• Johannes Preiser-Kapeller: “From one edge of the (post)Sasanian world to the other. Mobility and migration between the Caucasus, Central Asia and the Indian Ocean in the 4th to 9th centuries CE”
  • Rustam Shukurov: “The Image of Byzantium in Persian Epics: from Firdawsi to Nizami”
  • Matteo Compareti: “The Representation of Composite Creatures in Sasanian Art. From Early Coinage to Late Rock Reliefs”
  • Neslihan Asutay-Effenberger: “Senmurv – Beschützer von Konstantinopel?”
  • Thomas Dittelbach: “Kalīla wa-Dimna – Der Löwe als symbolische Form”
  • Rainer Warland: “Das Eigene und das Fremde. Hellenistische Selbstvergewisserung, sassanidische Konfrontation und apokalyptische Endzeit als Lesarten der frühbyzantinischen Kunst (500–630 n. Chr.)”
  • Arne Effenberger: “Sassanidischer Baudekor in Byzanz: der Fall der Polyeuktoskirche in Konstantinopel”
  • Nikolaus Schindel: “Sassanidische Münzprägung im Kaukasus”
  • Nina Iamanidze: “Georgian Reception of Sasanian Art”
  • Armen Azaryan: “Architectural Decorations of the Armenian Churches of the 7th and the 10th–11th Centuries, and their Presumably Sasanian Sources”
  • Shervin Farridnejad: “Continued Existence of the Imagery Repertoire of Sasanian Court Ceremonies and Rituals in the Islamic Art”
  • Markus Ritter: “Umayyadische Rezeption sasanidischer Architektur”
  • Osman Eravşar: “Sasanid Influence on Seljuk Art and Architecture”

Sponsorship

Research Unit Historical Cultural Sciences

Organization

Prof. Dr. Falko Daim (Mainz)
Prof. Dr. Neslihan Asutay-Effenberger (Mainz)

The Coinage of the “Iranian” Huns and Western Turks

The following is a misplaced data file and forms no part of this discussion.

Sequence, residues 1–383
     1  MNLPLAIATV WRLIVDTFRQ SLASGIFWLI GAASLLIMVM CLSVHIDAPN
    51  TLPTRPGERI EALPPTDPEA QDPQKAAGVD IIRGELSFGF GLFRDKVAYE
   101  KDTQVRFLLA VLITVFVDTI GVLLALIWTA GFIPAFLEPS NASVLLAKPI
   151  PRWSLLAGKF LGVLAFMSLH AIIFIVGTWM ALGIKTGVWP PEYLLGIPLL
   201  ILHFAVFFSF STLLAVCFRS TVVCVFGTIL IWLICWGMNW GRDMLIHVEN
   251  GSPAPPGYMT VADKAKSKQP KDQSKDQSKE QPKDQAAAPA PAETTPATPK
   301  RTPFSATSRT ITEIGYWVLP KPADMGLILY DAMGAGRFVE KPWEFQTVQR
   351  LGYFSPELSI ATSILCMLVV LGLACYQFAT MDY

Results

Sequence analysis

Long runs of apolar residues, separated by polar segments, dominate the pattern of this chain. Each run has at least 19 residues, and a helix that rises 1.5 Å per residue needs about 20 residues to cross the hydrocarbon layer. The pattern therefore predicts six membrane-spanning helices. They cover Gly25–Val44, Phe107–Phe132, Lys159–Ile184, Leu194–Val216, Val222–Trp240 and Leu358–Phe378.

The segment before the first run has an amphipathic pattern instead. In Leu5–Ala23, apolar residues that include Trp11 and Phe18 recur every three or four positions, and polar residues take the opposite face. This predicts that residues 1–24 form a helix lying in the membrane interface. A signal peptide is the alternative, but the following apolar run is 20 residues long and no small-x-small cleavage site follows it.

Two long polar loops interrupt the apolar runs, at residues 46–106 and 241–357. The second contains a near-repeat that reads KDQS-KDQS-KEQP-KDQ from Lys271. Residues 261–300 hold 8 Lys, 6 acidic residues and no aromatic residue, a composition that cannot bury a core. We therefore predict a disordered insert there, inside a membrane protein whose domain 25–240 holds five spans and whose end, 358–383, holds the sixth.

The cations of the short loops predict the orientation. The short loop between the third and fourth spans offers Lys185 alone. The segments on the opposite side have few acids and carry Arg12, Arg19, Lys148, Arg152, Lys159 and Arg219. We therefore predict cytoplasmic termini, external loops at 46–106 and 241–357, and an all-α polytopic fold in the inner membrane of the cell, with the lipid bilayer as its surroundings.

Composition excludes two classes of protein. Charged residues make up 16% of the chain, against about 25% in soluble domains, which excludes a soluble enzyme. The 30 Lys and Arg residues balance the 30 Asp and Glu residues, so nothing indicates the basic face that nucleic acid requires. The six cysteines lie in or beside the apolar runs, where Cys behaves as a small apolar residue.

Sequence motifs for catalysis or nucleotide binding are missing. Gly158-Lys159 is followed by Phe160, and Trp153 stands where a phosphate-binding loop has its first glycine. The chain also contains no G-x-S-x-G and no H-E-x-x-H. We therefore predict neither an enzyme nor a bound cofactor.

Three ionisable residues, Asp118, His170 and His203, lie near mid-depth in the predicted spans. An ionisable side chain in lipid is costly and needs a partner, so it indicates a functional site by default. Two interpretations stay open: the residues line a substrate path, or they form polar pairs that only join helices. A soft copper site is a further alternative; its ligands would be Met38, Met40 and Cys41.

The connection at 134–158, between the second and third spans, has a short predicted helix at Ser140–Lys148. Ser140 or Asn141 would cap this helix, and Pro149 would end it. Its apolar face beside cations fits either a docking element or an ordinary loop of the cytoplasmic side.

Alram, Michael. 2016. Das Antlitz des Fremden: die Münzprägung der Hunnen und Westtürken in Zentralasien und Indien. (Schriften des Kunsthistorischen Museums 17). Wien: Verlag der österreichischen Akademie der Wissenschaften.

The coinage of the “Iranian” Huns and Western Turks is a unique testimony to the history of Central Asia and Northwest India in late antiquity. It illustrates the self-understanding of the Hunnic and Turkish masters and shows how diverse political, economic and cultural influences affect them. The core zone of their domination ranged from today’s Uzbekistan through Afghanistan, Pakistan and Central India; The chronological framework stretches from the fourth to the 10th century AD.

This book summarizes the latest research regarding the “Iranian” Huns and Western Turks. By the aid of selected archaeological evidence as well as coinage, it gives an exciting insights into the history and culture of an era, which today is once again the focal point of international politics and debate.

Table of Contents:

  • Historischer Überblick
  • Das Reich der Sasaniden in Persien (224–651 n. Chr.)
  • Die Kidariten in Baktrien (um 370–467 n. Chr.)
  • Die Kidariten in Gandhara und Uddiyana (letztes Viertel 4. bis erste Hälfte 5. Jahrhundert n. Chr.)
  • Die Kidariten in Taxila (letztes Viertel 4. bis Mitte 5. Jahrhundert n. Chr.)
  • Alchan: Von den anonymen Clanchefs zu König Khingila (Ende 4. bis Mitte 5. Jahrhundert n. Chr.)
  • Alchan: König Khingila (um 430/440–495 n. Chr.) und die
  • Festigung der hunnischen Macht in Nordwest-Indien
  • Alchan: Die Zeitgenossen des Khingila (um 440–500 n. Chr.)
  • Toramana und Mihirakula – Aufstieg und Fall der Alchan in Indien
    (1. Hälfte 6. Jahrhundert n. Chr.)
  • Die Hephthaliten in Baktrien (um 484–560 n. Chr.)
  • Die Nezak-Könige in Zabulistan und Kabulistan (um 480 bis nach 560 n. Chr.)
  • Zabulistan: Von der Alchan-Nezak-Mischgruppe zu den Türken (Ende 6. bis Mitte 7. Jahrhundert n. Chr.)
  • Die Turk-Schahis in Kabulistan (2. Hälfte 7. bis Mitte 8. Jahrhundert n. Chr.)
  • Kabulistan und Baktrien zur Zeit von »Tegin, König des Ostens« (Ende 7. bis erstes Viertel 8. Jahrhundert n. Chr.)
  • Die Rutbils von Zabulistan und der »Kaiser von Rom« (Ende 7. bis zweite Hälfte 8. Jahrhundert n. Chr.)
  • Die Hindu-Schahis in Kabulistan und Gandha